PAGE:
Fun Fact: if you didn't know, all scorpions will glow under a black light, but don't do it too much, as it can harm them.
     
  5. AtticOctopus

    AtticOctopus Arachnosquire

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    Thank you so much!! Everything you’ve given me is the exact kind of information I was looking for. I’ll make sure to give them the best life I can. Speaking of which I was told it could live in a 2.5 gallon when it’s an adult but I highly doubt that. What size terrarium should it be in as an adult?
     
  6. MES

    MES Arachnosquire Active Member

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    It's always good to hear people trying to give great lives to inverts!
    As adults, the recommended size of terrarium is 10 gallons, and one of my scorpions is in that size. However, I have a breeding pair that live in 5 quart storage bins, and they seem to be doing great. I think it really depends on how much you can afford, how much space you have, why you have the scoprion, and the scorpion itself. For example, if you have a scopion for "display" that is active, and you have a relatively large area, 10+ gallons would be ideal. However, if you want to save as much space as possible, and you scorpion just likes to hide, as well as maybe being used as a business or for breeding, a smaller container like a storage bin is ok in my opinion.
    It's important to remember that they can have too much space, and they may feel overwhelmed, so I think 10 gallons is the ideal size.

    Here's a picture of my 10 gallon "display" tank with my large female H. petersii (it's a bit dry at the moment):
    1541627311081454740276.jpg
    154162755212552137664.jpg
    And my breeding pair of H. longimanus in 5 quart storage bins:
    154162739360740868034.jpg
    1541627455074688961666.jpg
     
    • Informative Informative x 1
  7. AtticOctopus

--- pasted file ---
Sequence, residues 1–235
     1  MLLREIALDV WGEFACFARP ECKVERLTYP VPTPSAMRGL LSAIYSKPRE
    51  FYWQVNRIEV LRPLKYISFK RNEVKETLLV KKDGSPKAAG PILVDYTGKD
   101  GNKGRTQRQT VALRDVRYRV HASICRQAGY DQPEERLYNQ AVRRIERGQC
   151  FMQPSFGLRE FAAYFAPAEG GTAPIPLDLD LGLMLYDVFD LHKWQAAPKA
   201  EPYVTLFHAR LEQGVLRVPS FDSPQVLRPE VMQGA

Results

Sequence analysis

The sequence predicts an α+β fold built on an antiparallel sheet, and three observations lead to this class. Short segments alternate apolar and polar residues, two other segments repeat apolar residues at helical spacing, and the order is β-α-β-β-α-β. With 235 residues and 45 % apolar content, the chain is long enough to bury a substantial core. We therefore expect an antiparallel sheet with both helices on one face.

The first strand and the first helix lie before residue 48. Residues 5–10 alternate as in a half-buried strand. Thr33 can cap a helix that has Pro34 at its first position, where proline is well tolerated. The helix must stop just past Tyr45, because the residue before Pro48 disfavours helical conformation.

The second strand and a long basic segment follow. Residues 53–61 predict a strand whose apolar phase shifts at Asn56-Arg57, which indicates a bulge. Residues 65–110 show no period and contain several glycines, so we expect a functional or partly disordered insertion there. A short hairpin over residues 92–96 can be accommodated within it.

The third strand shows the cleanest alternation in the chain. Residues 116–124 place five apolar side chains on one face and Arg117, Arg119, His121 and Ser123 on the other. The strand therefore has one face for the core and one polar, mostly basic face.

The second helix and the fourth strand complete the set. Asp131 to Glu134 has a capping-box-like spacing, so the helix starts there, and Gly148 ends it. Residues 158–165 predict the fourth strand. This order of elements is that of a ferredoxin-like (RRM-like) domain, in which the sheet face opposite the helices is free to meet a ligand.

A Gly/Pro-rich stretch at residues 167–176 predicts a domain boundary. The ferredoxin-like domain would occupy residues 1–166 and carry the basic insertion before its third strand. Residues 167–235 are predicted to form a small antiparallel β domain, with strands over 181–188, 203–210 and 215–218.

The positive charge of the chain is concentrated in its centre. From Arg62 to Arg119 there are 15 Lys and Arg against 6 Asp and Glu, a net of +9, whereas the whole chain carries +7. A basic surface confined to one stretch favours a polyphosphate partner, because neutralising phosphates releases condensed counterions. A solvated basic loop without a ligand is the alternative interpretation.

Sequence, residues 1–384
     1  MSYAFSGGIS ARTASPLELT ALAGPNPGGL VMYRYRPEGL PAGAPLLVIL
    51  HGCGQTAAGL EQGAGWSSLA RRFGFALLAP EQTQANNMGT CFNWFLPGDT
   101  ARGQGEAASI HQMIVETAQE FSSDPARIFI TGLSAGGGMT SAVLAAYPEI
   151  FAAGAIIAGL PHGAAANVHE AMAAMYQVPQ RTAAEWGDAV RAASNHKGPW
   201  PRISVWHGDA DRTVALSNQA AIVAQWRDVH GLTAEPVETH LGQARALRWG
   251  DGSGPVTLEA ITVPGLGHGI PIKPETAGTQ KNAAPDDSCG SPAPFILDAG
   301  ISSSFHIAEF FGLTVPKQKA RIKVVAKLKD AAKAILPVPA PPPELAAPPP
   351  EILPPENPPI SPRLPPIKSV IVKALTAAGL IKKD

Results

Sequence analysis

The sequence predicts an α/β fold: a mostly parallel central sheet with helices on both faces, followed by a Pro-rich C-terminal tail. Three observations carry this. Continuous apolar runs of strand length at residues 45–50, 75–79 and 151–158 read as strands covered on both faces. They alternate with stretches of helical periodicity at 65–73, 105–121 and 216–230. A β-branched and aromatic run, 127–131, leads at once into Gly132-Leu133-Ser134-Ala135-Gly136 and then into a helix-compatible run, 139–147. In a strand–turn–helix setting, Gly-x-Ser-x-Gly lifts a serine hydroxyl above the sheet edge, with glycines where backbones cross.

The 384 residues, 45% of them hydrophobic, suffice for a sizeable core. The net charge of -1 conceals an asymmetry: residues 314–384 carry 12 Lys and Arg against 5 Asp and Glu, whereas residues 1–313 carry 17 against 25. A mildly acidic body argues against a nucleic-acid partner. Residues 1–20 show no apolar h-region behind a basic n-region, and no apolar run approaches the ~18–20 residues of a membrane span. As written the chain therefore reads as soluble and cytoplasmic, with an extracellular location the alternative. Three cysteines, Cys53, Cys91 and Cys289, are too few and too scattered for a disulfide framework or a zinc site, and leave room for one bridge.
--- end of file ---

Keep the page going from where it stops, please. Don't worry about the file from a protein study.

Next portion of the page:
AtticOctopus Arachnosquire

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    Awesome thank you so much!!!!
     
  8. Tim Benzedrine

    Tim Benzedrine Prankster Possum Old Timer

    They also glow beneath a nighttime blue heat bulb. But I don't know if that is as harmful as a regular black light, so I play it safe and very rarely do so. I think it is something a person should do at least once, briefly. The effect is a bit startling. And cool.
    Maybe those bulbs technically ARE black lights of a sort. But I don't think they are quite as dark...I think a blacklight is simply a bulb that does not allow as much light in the visible spectrum to be produced while allowing UVA to go through the glass. or something like that.

    It actually looked somewhat brighter than this picture, but this was as close as I could get to a good exposure with a hand-held shot. I enhanced it some and got closer to what it appeared like to my eye, but in that case may have gotten it a bit TOO brilliant. But the scorp definitely looked closer to the second shot.

    m_IMG_7596.jpg

    m_IMG_7596crop.jpg
     
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  9. MES

    MES Arachnosquire Active Member

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    That's super awesome, I didn't know that! My Giant Desert Hairy is always under a red/night time bulb and he doesn't glow, so maybe it's just Asian Forests that glow, or even just your type of bulb.
     
  10. Tim Benzedrine

    Tim Benzedrine Prankster Possum Old Timer

    The red bulb will not make him glow. But he should glow under the right lighting.
     
  11. MES

    MES Arachnosquire Active Member

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    Oh, for some reason I was thinking that your light was a red night time light, haha. Not sure why I thought that o_O
     
  12. InvertAddiction

    InvertAddiction Arachnoknight Active Member

    Oddly enough, I've never used a black light or anything to see my scorps glow lol. Oh hey Tim, anyway you can send me a message please, your inbox is full.